It isn’t the technological foundation of a particular application which leads to one centricity or the other. For example, Sales OnDemand and BusinessByDesign are both built on the same foundation – the ByD core. As mentioned above, the use cases that these applications cover and the audiences that they serve – have the greatest impact.

Pimp my Enterprise Application

There is often the desire to transform applications that are at the top or bottom of scale towards the middle of the scale. The decision to Pimp my Enterprise Application by adding ratings or activity streams is often linked to the yearning to have cool applications – to appeal to Gen Y users just entering the corporate workplace.  

An initial step before making such changes must be to determine if they are really warranted. Are there new use cases that must be implemented or can existing features be covered more effectively by either more people- or process-centric applications.

Retrofitting existing people-centric applications with process-centric functionality: Is it possible to add structure to such applications with losing its social heart? Such ruminations are often present in applications that exist in the consumer space and now wish to move into the enterprise arena.


As I mentioned before, this blog assumes that a mixture of people- and process centricities is the ideal. The individual mixture can and should be application-specific. If we make an assumption that applications will contains features of both centricities, then it is the touchpoints between these particular features that are the most interesting. For example, “How do you move from an activity stream to a form filling out a purchase order” or “How do I integrate a rating into the analysis of a potential supplier?”.  The two aspects don’t exist independently from one another but must be interact with each other to achieve their maximum effectiveness.  A recent blog by Sigurd Rinde entitled “Social Media – Nouns but no Verbs” describes the critical importance of the interaction between these two tendencies.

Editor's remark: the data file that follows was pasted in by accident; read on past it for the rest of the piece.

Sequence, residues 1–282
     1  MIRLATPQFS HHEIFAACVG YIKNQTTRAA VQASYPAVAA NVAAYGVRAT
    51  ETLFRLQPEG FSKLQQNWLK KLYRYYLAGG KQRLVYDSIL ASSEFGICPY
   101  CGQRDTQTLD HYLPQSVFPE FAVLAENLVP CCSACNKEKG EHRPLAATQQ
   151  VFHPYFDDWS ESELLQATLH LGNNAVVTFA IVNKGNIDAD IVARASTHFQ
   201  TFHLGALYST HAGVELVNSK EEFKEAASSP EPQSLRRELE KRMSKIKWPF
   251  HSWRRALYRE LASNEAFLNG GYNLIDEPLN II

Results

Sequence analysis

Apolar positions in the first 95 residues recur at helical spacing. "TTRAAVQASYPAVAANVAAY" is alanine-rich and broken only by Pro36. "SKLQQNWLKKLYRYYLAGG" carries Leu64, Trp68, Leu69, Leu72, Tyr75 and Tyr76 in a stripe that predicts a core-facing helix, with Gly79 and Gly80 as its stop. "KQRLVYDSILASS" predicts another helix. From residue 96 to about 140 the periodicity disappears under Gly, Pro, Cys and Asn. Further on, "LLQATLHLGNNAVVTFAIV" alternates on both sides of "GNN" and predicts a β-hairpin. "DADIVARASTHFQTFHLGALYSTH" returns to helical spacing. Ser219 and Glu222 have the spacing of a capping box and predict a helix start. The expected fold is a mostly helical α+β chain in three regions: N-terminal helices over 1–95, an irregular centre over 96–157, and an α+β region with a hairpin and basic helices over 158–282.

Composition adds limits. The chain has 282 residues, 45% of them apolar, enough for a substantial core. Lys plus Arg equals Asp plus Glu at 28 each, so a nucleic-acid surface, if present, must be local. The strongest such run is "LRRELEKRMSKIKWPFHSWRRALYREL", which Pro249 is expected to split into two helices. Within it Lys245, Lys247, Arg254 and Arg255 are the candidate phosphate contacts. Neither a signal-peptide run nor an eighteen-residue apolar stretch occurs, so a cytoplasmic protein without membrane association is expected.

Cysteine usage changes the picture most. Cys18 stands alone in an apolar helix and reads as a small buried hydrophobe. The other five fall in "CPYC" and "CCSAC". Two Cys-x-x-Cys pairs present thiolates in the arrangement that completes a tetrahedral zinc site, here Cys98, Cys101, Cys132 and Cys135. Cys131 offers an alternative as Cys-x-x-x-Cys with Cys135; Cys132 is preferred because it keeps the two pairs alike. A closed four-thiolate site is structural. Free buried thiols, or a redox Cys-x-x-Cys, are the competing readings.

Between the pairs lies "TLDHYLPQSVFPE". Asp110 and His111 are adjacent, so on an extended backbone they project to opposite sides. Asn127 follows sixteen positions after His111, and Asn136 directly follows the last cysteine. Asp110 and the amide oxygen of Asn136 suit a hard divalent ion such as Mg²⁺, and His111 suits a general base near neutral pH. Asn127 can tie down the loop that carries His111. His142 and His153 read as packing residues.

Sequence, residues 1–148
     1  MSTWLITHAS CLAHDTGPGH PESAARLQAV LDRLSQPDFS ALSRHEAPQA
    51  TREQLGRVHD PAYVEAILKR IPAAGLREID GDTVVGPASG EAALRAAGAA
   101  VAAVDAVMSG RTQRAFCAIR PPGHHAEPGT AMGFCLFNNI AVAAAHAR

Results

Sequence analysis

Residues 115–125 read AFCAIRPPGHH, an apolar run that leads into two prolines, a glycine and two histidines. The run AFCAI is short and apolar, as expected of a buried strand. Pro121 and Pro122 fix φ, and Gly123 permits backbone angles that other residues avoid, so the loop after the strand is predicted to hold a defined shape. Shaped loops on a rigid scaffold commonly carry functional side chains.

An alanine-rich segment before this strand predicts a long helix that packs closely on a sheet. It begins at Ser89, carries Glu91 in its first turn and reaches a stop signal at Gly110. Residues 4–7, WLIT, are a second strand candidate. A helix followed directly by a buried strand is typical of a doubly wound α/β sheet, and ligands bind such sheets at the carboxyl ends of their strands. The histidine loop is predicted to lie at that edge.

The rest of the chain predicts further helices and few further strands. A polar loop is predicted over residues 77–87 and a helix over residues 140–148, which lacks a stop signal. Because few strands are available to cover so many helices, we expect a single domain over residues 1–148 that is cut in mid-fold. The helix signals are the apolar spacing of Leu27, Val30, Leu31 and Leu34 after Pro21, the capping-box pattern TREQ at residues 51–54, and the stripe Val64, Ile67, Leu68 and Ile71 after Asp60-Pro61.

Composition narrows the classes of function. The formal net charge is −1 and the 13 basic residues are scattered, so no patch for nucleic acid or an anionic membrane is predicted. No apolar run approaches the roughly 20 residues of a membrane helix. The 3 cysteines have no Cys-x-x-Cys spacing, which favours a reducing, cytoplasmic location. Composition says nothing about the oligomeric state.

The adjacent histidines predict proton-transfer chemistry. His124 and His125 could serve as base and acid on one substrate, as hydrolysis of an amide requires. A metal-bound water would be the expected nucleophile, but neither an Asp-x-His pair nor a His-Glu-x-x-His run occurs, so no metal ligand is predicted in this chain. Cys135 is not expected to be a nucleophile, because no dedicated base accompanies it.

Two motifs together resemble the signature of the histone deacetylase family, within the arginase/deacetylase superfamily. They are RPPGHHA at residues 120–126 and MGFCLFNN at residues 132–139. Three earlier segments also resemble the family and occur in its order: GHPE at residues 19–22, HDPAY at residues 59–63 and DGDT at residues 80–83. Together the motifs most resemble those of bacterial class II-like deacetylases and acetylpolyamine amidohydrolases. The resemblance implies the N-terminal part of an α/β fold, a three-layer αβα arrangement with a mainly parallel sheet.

I must admit that I started this blog with the slightly malicious intention of exposing discrepancies in how SAP portrays its OnDemand offerings. However, as I started digging deeper, I began to notice the fine distinctions between the individual products and how their unique characteristics (especially regarding the use cases they met) influenced their respective design strategies. However, the ability of SAP to portray these distinctions effectively still leaves something to be desired.


  • SAP should be emphasize that there is no monolithic OnDemand offering but rather a variety of products that exist in this space. Lumping all these products together just confuses the marketplace and does a disservice to the attempts of the various product teams to create an unique identity.
  • What developers and partners need are publicly available design patterns – originating from SAP –  for both people- and process-centric features which could help other application developers decide when to use which tools.
  • The OnDemand Core LOB applications should follow StreamWork’s example and support the standard.
  • Make people-centric UI elements (such as the ActivityStream in Sales OnDemand) part of the ByD Core so that other LOB OnDemand applications and other partner applications can easily re-use this functionality. This would assure that integration patterns and UI elements would be standardized across SAP’s OnDemand (Core) offerings.